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Phil

Meanwhile "our" Gov't tries to look after its mates

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Whatever happen under Margaret Thatcher, Labour and the FSA presided over 'light' regulation concerning the banking industry. As for Independent Financial Advisers (and I know there were dodgy ones), the heavy-handed regulation dished out was mind-blowing: it certainly put me out of business after 26 years. The costs shot through the roof. Furthermore, I did read somewhere that the fines on the banks went to reducing their regulatory fees! Mine shot up from £500 to £5,000 annually.

I also remember a head of the FSA resigning her position after two years because she disagreed with Labour' policy, but then sailed off into the sunset with a payoff of £250,000 - and that was some years ago. I receive many emails from IFAs who are calling it a day.

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If you fancy a good read about the whole banking collapse thing, without it being too dull and taxing try reading Meltdown by Ben Elton. He draws some pretty good conclusions.

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That said, Labour themselves did fail to spot

I stopped reading here. You might have said something good after this but "fail to spot" is weasel words for a government that further reduced regulation, legislated to encourage speculative banking, built up unsustainable debt and whose failure to realise that bubbles burst led directly to the (ahem) difficulties specific to this country since 2008.

I don't much care what the opposition at the time were calling for.

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I don't much care what the opposition at the time were calling for.

But don't you think it is a bit rich of them to now say to the then government 'you should have regulated more' when at the time they themselves were calling for less regulation?

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But don't you think it is a bit rich of them to now say to the then government 'you should have regulated more' when at the time they themselves were calling for less regulation?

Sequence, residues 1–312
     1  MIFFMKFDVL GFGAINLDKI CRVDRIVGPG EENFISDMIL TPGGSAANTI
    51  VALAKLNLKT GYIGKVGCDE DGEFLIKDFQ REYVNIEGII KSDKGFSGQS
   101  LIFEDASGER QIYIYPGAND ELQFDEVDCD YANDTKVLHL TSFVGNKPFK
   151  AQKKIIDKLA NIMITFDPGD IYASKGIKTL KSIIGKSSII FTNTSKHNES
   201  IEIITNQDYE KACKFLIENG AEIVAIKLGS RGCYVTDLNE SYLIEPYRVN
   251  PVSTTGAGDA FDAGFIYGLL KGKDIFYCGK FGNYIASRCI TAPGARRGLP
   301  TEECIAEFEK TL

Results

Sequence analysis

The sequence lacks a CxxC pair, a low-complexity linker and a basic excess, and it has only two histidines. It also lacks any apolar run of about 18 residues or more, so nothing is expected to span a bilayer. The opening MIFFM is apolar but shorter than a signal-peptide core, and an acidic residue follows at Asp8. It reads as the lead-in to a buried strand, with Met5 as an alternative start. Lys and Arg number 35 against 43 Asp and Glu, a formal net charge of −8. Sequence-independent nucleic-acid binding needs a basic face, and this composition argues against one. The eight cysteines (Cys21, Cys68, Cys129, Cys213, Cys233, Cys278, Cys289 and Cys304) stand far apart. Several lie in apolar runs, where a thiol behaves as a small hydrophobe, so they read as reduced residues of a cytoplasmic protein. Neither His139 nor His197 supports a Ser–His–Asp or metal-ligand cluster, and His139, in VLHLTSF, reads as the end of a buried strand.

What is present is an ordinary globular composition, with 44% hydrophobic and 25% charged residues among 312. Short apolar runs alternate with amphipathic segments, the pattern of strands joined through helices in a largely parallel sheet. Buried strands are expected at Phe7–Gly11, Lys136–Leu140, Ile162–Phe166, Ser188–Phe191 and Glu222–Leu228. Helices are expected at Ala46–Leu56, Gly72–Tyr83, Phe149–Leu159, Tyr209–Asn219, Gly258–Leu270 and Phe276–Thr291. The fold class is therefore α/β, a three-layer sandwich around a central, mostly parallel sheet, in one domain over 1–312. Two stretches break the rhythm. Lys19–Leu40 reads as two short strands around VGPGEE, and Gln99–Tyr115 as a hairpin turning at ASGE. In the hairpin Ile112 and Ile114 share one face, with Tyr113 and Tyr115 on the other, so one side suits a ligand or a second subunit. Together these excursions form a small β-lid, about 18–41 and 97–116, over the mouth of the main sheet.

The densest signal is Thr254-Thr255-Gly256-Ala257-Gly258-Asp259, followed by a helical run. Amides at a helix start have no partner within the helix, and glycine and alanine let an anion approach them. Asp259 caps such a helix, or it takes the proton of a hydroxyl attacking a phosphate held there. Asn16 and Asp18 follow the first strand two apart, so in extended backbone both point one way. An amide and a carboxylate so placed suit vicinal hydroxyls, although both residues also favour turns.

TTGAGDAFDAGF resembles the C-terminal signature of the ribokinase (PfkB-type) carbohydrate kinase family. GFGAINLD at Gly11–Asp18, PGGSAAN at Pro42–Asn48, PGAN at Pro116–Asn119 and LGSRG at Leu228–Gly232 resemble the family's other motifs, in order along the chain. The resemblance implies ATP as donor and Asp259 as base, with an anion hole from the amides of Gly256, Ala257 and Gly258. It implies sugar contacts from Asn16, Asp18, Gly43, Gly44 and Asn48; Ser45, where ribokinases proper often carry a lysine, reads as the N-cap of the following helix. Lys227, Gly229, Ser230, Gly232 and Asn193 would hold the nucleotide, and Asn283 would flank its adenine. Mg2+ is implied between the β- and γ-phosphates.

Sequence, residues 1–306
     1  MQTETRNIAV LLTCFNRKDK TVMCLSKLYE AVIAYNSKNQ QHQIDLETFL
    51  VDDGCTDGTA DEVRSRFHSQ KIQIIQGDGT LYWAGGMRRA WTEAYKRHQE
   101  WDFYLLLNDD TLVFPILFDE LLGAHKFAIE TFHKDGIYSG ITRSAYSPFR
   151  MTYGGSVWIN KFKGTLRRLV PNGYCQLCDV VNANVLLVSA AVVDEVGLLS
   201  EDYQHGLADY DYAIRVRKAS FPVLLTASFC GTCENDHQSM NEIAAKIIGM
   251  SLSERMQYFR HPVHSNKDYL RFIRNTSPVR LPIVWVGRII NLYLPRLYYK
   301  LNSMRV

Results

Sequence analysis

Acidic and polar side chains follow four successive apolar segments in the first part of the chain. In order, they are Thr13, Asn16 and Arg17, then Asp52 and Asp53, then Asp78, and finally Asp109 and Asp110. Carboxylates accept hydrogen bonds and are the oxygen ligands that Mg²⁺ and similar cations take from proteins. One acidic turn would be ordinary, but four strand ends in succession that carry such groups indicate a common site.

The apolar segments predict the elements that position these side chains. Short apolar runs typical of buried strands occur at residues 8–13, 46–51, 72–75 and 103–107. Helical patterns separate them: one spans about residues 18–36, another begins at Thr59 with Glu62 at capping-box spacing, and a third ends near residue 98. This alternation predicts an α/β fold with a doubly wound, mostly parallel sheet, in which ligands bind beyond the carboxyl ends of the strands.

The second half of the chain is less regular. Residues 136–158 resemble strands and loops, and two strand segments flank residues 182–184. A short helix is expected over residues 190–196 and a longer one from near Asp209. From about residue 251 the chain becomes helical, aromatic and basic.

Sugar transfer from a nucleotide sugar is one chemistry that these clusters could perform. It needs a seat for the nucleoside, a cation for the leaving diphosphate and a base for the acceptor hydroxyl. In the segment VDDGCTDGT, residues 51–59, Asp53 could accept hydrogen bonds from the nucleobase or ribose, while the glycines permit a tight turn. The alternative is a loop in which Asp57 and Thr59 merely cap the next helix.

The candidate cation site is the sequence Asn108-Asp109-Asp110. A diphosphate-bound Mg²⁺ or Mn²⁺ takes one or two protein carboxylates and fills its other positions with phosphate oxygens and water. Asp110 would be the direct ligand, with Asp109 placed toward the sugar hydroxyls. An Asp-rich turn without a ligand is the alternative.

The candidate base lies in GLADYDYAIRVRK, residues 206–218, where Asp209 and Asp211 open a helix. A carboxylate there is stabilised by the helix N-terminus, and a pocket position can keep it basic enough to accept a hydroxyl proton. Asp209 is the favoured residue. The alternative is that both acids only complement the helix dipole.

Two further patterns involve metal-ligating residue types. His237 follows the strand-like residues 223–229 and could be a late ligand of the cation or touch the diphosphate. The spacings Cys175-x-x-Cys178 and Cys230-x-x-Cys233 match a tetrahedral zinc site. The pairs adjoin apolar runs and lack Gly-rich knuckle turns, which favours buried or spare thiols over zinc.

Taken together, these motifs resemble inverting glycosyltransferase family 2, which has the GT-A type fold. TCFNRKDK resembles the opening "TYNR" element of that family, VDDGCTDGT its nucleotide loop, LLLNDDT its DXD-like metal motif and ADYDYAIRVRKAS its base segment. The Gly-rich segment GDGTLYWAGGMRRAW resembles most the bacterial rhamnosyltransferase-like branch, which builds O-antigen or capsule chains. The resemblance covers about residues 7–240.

It's a bit rich - it's also irrelevant as to Labour's culpability.

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It's a bit rich - it's also irrelevant as to Labour's culpability.

I'm not trying to defend labour's culpability but rather attack the tories credibility.

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I think that's very true

in many ways but not all it was 'meet the new boss same as the old boss' and people felt betrayed

although to be fair section 28 was repealed and some of the other evils perpetrated by Thatcher were addressed, but that was just window dressing.

Thatcher and Major were radical politicians. They did stuff, stuff that some people thought was great-remember 'The Fishing party'? Lots of other people suffered for it.

Blair was given more power via the electoral system and through successive terms than any other labour government, which many people think was wasted: including conning the country into going to war to hell GW Bush out.

Although I think Blair was rather a cowardly politician who could have done more with the mandate he had, I think it needs to be said that he was elected to bring about "Thatcherism with a smiling face". 1997 wasn't 1945 or 1979. The country really wasn't looking for a grand new settlement, it was looking for more of the same but nicer.

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That said, Labour themselves did fail to spot that there could be any possible downside to the financial sector situation and therefore did very little to halt or reverse what had been set in motion 10 years previously. The whole county, if not the western world thought we were living in a financial utopia where everyone (who was lucky enough to own property) was getting more and more rich. I don't recall anyone (of any note) standing up and saying it would all end in tears until 2007.

What would have been the political effect of saying that stuff in the run up to the 2005 election? What kind of electoral message is "I know it looks like we're all having a good time, but we really have to stop now" have been? A pretty disastrous one I think.

It's a tricky business, politics.

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It's a tricky business, politics.

You're trying to get selected for something aren't you?

Very on-message at the minute.

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You're trying to get selected for something aren't you?

Very on-message at the minute.

Steve certainly couldn't do any worse than the muppets they've got already. Yvonne Cooper was on ITV Daybreak this morning ... all false smile and cringeworthying for England.

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Steve certainly couldn't do any worse than the muppets they've got already. Yvonne Cooper was on ITV Daybreak this morning ... all false smile and cringeworthying for England.

Who's she? Your description of her makes her sound like Yvette Cooper. :rolleyes:

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You're trying to get selected for something aren't you?